Our teeth go through a lot of stress during our lifetime. Not only do they help us to bite and chew the food that we eat, but they are also exposed to a variety of hazardous substances, from sugars in the food and drink we consume to chemicals such as nicotine.

People who suffer from gastroesophageal reflux disease (GERD) may suffer from tooth damage and erosion caused by stomach acids coming back up into the throat and mouth. Finally, there are also medical conditions and medications that can cause damage to our teeth, including bruxism, aspirin and even antihistamines.

Unfortunately, this means that our adult teeth, which ideally need to last us the remainder of our lifetime, are inevitably going to be affected by damage and decay regardless of how well we brush.

The good news is that dentistry has evolved so that it is now possible to rectify virtually any dental problem that we may experience, from simple issues such as cavities to more severe situations such as an infection or knocked-out tooth. These solutions are known as restorative dentistry.

What is restorative dentistry?

Restorative dentistry is the name given to dental treatments that are carried with the principle purpose of restoring the teeth so that the patient can use them without any compromises.

Restorative dentistry encompasses a wide variety of different treatments with some of the most common including:

  • Cavity fillings. Made from silver amalgam, tooth-colored resin or gold, these fill gaps in your tooth enamel caused by decay.
  • Dental crowns. These sit over the top of teeth that have been badly eroded, decayed, or damaged in some way, holding the remaining pieces together and covering it completely to prevent further damage. Since they look just like regular teeth, they restore the shape and size of your tooth, enabling you to use them normally again.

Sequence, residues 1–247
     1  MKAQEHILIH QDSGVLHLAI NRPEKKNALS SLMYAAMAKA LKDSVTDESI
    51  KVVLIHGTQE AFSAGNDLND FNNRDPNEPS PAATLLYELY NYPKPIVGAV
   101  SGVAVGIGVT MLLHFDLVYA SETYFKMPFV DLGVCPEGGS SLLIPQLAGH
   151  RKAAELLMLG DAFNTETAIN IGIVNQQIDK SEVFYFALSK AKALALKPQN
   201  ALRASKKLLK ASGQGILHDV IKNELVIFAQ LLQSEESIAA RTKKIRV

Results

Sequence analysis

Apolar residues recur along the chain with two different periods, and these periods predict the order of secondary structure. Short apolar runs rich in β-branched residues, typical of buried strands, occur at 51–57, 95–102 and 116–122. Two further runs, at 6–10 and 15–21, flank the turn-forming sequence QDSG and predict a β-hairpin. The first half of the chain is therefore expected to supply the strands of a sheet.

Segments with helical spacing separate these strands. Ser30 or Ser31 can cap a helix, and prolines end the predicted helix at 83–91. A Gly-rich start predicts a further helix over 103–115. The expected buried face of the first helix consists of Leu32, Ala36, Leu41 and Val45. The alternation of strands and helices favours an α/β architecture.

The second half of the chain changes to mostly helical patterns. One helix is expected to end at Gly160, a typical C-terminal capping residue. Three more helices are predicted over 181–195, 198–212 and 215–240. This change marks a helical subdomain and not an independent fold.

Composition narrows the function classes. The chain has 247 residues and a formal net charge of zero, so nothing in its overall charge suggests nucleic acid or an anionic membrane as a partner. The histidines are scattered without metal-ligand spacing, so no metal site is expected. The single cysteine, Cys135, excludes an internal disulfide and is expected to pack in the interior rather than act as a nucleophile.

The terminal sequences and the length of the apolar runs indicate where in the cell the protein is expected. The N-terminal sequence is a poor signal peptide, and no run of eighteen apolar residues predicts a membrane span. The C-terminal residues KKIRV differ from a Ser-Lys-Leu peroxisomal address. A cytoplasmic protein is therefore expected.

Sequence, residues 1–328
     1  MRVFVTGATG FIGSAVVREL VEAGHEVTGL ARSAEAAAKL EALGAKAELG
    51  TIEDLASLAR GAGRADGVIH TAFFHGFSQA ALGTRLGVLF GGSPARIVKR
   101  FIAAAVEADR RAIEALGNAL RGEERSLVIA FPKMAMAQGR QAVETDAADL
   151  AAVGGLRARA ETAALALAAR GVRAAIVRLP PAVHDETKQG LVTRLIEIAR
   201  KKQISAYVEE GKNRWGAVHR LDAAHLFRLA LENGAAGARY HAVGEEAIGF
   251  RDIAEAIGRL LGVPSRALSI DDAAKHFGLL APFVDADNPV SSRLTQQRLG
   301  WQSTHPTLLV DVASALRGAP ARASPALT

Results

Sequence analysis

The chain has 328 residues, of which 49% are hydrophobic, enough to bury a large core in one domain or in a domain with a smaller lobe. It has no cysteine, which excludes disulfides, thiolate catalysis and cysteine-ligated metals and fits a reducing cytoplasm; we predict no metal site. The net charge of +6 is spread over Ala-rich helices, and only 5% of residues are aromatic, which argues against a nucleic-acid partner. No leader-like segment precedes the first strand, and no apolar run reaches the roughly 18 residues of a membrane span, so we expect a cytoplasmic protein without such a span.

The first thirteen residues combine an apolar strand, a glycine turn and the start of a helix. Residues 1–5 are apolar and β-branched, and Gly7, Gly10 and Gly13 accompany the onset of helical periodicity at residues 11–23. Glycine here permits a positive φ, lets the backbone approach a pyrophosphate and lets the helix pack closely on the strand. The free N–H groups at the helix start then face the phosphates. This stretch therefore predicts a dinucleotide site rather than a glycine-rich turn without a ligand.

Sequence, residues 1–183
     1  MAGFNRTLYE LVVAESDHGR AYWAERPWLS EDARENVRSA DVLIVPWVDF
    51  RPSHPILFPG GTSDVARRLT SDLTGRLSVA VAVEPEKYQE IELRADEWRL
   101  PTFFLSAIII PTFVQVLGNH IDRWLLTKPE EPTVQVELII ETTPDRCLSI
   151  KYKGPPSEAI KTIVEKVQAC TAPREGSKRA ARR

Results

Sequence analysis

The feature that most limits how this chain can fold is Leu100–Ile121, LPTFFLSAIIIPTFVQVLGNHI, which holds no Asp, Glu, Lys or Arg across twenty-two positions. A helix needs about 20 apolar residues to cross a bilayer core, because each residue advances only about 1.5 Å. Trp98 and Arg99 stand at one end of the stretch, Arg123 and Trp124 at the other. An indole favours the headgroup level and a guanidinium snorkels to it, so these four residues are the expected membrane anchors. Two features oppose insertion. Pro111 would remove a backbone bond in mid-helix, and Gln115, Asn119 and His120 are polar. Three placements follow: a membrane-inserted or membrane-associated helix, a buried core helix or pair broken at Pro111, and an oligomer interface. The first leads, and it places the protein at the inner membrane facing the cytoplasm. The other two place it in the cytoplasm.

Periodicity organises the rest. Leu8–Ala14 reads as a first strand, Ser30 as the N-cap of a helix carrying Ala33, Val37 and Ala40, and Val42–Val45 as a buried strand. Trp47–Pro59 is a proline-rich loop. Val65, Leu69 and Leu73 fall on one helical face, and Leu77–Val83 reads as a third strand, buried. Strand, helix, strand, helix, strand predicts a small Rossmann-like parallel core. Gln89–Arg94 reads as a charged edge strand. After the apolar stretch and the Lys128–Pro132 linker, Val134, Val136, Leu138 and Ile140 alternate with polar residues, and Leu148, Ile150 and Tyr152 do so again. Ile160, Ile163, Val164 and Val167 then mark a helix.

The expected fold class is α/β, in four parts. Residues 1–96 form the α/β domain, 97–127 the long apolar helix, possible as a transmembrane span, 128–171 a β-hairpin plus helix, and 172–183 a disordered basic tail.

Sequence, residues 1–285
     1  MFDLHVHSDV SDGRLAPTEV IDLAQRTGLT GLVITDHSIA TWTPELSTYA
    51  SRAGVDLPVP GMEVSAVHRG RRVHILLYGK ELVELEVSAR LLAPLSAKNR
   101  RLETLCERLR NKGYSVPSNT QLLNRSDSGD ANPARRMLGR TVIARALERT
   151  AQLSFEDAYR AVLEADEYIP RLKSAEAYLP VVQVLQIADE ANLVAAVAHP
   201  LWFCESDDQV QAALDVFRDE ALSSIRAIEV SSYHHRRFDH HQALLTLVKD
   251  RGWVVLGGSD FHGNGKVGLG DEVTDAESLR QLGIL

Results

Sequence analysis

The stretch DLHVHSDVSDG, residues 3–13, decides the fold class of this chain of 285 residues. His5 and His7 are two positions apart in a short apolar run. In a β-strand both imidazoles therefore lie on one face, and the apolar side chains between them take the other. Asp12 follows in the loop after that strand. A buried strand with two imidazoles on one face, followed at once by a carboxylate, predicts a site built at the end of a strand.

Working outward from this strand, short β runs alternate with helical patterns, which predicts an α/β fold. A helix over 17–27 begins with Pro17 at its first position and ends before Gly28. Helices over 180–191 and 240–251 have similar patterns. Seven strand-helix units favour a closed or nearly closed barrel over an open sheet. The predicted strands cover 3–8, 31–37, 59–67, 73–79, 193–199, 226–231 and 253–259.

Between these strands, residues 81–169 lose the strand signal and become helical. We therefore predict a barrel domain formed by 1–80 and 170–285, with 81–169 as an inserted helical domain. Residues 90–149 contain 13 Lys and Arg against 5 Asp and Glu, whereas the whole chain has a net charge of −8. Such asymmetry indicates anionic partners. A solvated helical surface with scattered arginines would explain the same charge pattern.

• Dental bridge. Bridges work by bridging the gap left by a tooth that has fallen out or required extraction. They are created from dental crowns, which are attached to neighboring teeth for support.
  • Dental implants. Also used to replace missing teeth, implants work by replacing the tooth root with a metal post, which then fuses to the jaw bone to create a secure base. Attached to the post is a prosthetic tooth created using a porcelain crown.

Why you shouldn’t delay dental restorations

People put off having dental treatment for a number of different reasons. Some of the most commonly cited excuses for failing to get the dental restorations that they need include:

  • Fear of the dentist or a dental procedure
  • Lack of time to visit the dentist
  • Lack of symptoms which means that they believe the treatment to be unnecessary at that time

However, delaying your dental restorations is guaranteed to be a mistake, because teeth and dental problems cannot heal themselves. What begins as a small and easily treated area of decay can quickly worsen into a serious and painful problem that comes with plenty of unpleasant and painful symptoms.

Not only will you begin to experience the pain and suffering that accompanies many dental problems, you may require much more extensive and expensive dental work to rectify the situation.

Some of the key effects of delayed dental treatment include:

  • Bad breath
  • Dental pain ranging from a dull ache to acute agony
  • Inability to eat properly
  • Infection around the tooth
  • Abscesses
  • Swelling of the gums and mouth
  • Periodontal disease
  • Receding gums
  • Tooth loss
  • Jaw bone deterioration
  • Dental infections entering the bloodstream and spreading to other parts of the body, including your body’s major organs

Delaying seeking assistance for delayed or damaged teeth could end up being a painful and costly endeavor. Don’t suffer the consequences of putting off the dental care you need.

Call our office today to learn more about restorative dentistry at Vero Dental Spa.

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